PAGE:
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What You May Not Learn In
College... (Part Two)
By Danielle Hollister
If you become a
writer for any publication, private business, public entity, non-profit
organization and/or large corporation that employs more than one editor, you
may find that your job description, expected contributions, desired writing
style and similar "guidelines" for your position - are subject to change
daily/weekly/unpredictably - according to each editor's mood and/or personal
It takes time, but eventually you will learn how to satisfy everyone to the best of your ability. You can help yourself by recognizing which editor you seem to "connect" with from the beginning and then make it your business to go to him/her with questions and/or to send your articles directly to her for editing.
Although editors can sometimes seem to not care about anything but "getting the story," you will probably find one or two, who like your style, see your potential, want to help you LEARN to improve your writing - instead of screaming at you for your inadequacies without supplying any advice to make you a better writer.
Be warned - Editors do not usually "play favorites" as bosses in other professions may do. If you try to become "the pet" not only will you hamper your professional relationship with your editor - you will also lose the respect of your colleagues - which you should truly want to earn - particularly when you are first starting out.
There are some very important things you need and can only get from your fellow reporters, who are "veterans" at the game - compared to you.
Their trained eye proofreading your story before you send it off to the big editor can catch errors that could send your boss into a fury.
The rolodex of phone numbers that they store in their head can help you contact good sources, public officials at home, informants, anonymous - but reliable tipsters...
Their words of wisdom will usually mean a lot. So LISTEN when they talk.
Try to develop a positive relationship with GOOD reporters by working your butt off, requesting their input(without bugging them to death), by treating them with RESPECT.
This means NOT
stepping on their toes
stealing their story ideas
ratting them out for taking long lunches
eavesdropping on their conversations
and unless you are 150% positive you’re right NOT arguing with them over topics (like grammar, spelling, issues, quotes etc.)
Remember what they're telling you comes from more experience writing, reporting, interviewing, dealing with people, understanding editors, deadlines, etc...
5 - If your writing job includes conducting interviews and writing articles/reports/profiles etc..... based upon your interview, you may be shocked by the reactions you get from your sources and/or their colleagues when they read your published work. Some people will be offended by comments the interviewee made and some interviewees will complain about the "accuracy" of your writing and/or accuse you of "misquoting" them.
This can happen to the best of us regardless of how well we compile the facts and/or how "correctly" we quote our sources.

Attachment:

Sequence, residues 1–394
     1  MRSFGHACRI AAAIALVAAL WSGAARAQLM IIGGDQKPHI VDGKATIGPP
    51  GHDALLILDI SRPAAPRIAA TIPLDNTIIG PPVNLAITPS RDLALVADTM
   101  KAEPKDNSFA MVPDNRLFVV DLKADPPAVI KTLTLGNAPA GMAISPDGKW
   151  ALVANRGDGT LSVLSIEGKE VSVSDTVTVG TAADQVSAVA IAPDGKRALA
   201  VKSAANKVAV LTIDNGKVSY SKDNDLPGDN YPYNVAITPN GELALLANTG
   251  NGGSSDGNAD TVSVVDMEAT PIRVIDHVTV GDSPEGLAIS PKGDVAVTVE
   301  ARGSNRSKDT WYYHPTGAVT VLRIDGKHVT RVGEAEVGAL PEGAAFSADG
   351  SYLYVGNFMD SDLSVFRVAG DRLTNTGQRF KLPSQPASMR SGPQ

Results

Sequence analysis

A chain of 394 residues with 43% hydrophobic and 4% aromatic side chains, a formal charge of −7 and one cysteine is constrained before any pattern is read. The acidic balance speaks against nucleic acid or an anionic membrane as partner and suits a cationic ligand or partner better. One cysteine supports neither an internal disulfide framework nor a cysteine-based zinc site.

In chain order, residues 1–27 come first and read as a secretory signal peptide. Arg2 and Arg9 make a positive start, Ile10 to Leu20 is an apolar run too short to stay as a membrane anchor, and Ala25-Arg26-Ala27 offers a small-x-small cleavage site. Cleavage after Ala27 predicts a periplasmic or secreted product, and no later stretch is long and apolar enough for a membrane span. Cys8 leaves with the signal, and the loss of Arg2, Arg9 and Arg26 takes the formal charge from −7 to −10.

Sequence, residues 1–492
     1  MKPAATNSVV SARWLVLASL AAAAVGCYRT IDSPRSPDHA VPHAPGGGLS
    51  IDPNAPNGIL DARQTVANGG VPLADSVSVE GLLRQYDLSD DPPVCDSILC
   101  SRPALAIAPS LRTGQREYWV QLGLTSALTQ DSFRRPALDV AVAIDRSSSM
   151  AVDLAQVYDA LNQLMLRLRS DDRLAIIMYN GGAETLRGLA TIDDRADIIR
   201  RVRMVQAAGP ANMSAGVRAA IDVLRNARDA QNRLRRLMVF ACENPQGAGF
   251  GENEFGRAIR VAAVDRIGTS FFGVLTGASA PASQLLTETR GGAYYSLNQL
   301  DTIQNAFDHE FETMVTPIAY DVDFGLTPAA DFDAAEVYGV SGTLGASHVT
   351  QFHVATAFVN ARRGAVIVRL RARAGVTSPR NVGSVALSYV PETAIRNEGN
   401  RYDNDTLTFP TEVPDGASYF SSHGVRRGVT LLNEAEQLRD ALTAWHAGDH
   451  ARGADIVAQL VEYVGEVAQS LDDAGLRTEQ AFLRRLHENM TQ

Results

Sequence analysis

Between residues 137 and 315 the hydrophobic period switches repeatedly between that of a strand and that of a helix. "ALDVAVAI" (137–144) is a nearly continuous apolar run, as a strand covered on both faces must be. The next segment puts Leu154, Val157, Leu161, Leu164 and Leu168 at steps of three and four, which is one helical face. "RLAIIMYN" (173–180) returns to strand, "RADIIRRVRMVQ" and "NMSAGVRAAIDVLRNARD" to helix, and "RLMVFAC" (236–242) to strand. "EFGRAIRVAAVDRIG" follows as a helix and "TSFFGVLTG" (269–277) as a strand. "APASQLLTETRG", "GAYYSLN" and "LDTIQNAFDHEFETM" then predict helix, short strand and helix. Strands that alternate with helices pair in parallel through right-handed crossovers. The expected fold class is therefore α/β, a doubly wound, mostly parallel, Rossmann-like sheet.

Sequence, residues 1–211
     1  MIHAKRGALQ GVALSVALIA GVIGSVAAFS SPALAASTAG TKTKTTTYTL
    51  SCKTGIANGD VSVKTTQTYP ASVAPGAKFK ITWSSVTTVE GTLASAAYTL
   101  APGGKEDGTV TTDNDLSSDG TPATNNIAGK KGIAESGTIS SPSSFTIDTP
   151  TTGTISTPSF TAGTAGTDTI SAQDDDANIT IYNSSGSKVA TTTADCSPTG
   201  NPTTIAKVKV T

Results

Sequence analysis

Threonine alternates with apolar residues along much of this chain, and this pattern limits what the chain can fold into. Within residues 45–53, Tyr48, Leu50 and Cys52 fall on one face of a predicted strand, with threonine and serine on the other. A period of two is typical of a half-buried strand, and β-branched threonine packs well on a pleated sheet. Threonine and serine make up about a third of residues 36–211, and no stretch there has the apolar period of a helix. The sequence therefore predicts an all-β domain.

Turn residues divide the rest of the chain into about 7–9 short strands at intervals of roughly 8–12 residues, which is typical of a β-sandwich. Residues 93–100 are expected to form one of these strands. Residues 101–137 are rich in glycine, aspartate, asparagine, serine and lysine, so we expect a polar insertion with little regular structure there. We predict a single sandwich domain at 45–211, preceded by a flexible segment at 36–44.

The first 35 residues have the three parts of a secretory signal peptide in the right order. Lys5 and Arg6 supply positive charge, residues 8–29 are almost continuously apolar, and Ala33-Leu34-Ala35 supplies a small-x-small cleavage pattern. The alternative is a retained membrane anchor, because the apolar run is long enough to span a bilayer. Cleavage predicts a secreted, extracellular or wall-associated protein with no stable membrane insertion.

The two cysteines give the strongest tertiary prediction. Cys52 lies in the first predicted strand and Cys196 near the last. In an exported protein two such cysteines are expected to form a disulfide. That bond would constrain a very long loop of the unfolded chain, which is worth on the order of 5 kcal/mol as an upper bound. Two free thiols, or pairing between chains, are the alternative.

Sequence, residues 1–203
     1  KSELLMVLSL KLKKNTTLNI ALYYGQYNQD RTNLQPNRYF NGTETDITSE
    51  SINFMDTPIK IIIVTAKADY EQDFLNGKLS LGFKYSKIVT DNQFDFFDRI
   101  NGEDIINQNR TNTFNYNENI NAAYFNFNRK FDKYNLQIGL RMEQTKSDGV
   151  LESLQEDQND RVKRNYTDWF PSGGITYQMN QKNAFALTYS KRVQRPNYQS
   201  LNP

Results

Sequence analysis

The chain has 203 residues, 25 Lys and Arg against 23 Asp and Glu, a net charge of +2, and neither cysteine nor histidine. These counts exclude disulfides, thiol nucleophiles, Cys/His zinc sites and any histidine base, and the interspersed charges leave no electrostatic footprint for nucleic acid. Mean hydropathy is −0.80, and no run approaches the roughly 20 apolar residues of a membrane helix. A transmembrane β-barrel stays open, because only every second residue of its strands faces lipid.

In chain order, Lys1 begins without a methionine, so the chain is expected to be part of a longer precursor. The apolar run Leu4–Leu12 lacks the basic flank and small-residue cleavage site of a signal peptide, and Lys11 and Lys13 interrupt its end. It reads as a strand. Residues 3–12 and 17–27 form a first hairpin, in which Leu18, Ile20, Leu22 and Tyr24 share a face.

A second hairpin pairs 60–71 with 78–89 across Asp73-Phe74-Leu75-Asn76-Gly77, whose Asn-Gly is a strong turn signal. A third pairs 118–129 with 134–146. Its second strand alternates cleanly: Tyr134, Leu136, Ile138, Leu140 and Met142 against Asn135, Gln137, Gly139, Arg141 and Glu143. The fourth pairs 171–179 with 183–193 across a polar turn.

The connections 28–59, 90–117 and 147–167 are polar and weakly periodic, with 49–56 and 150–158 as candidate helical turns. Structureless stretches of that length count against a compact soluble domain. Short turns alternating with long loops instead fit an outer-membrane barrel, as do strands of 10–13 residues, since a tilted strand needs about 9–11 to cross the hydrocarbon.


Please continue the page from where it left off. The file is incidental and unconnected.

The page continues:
Even if you tape record your interview (with the interviewee's permission) and type their quotes in word for word from the tape, you may still be questioned about your published work at some point by somebody who's unhappy, upset, and/or irate about how you wrote your story.
Many people do not realize how what they say sounds until they see it in print and/or read it aloud.
Defend yourself to the end when you know you're right.
Admit it immediately when you realize you did make a mistake. Always offer to print a retraction and/or correction if your article was truly inaccurate in any way.
Your credibility is on the line. If people do not trust you, you will find it difficult, if not impossible, to become a successful writer.
6 - If you choose to become a professional freelance writer, you will at some point complete an assignment for an employer, who fails to fulfill his promise to pay you $X by a specific date.
Contracts are a MUST for freelancers.
READ all of the tiny print in every contract you're offered BEFORE you ever sign anything. If there is any wording/legalese you do not understand, get clarification from the employer and/or request the advice of an attorney BEFORE you sign the contract.
It's more likely to cost you less money to hire on a legal professional to review the contract and/or answer your questions than it will if you sign a bogus contract and/or have to pay a lawyer to represent you in your fight to get an employer to compensate you for your work.
7 - Writing is not a profession for the weak-hearted or people seeking fame and fortune.
Professionals in almost any field of writing (journalism, PR, advertising, marketing, creative writing etc.....) will probably find that criticism comes quicker and more frequently than praise or big fat paychecks.
I believe that you have to believe in yourself, your writing ability and your goals before anyone else will give you credit for what you do.
If you expect pep-talks from your bosses, support from your peers, and/or positive feedback from your readers, you will probably be disappointed rather than delighted by a day in the life of real writing professional.
Danielle Hollister (2004) is the Publisher of the Free Ezine for Writers featuring news, reviews, and continuously updated links to the best resources for writers online like - freelancing & jobs, markets & publishers, literary agents, classes & contests, and more... Read it online at - http://www.bellaonline.com/articles/art157.asp.
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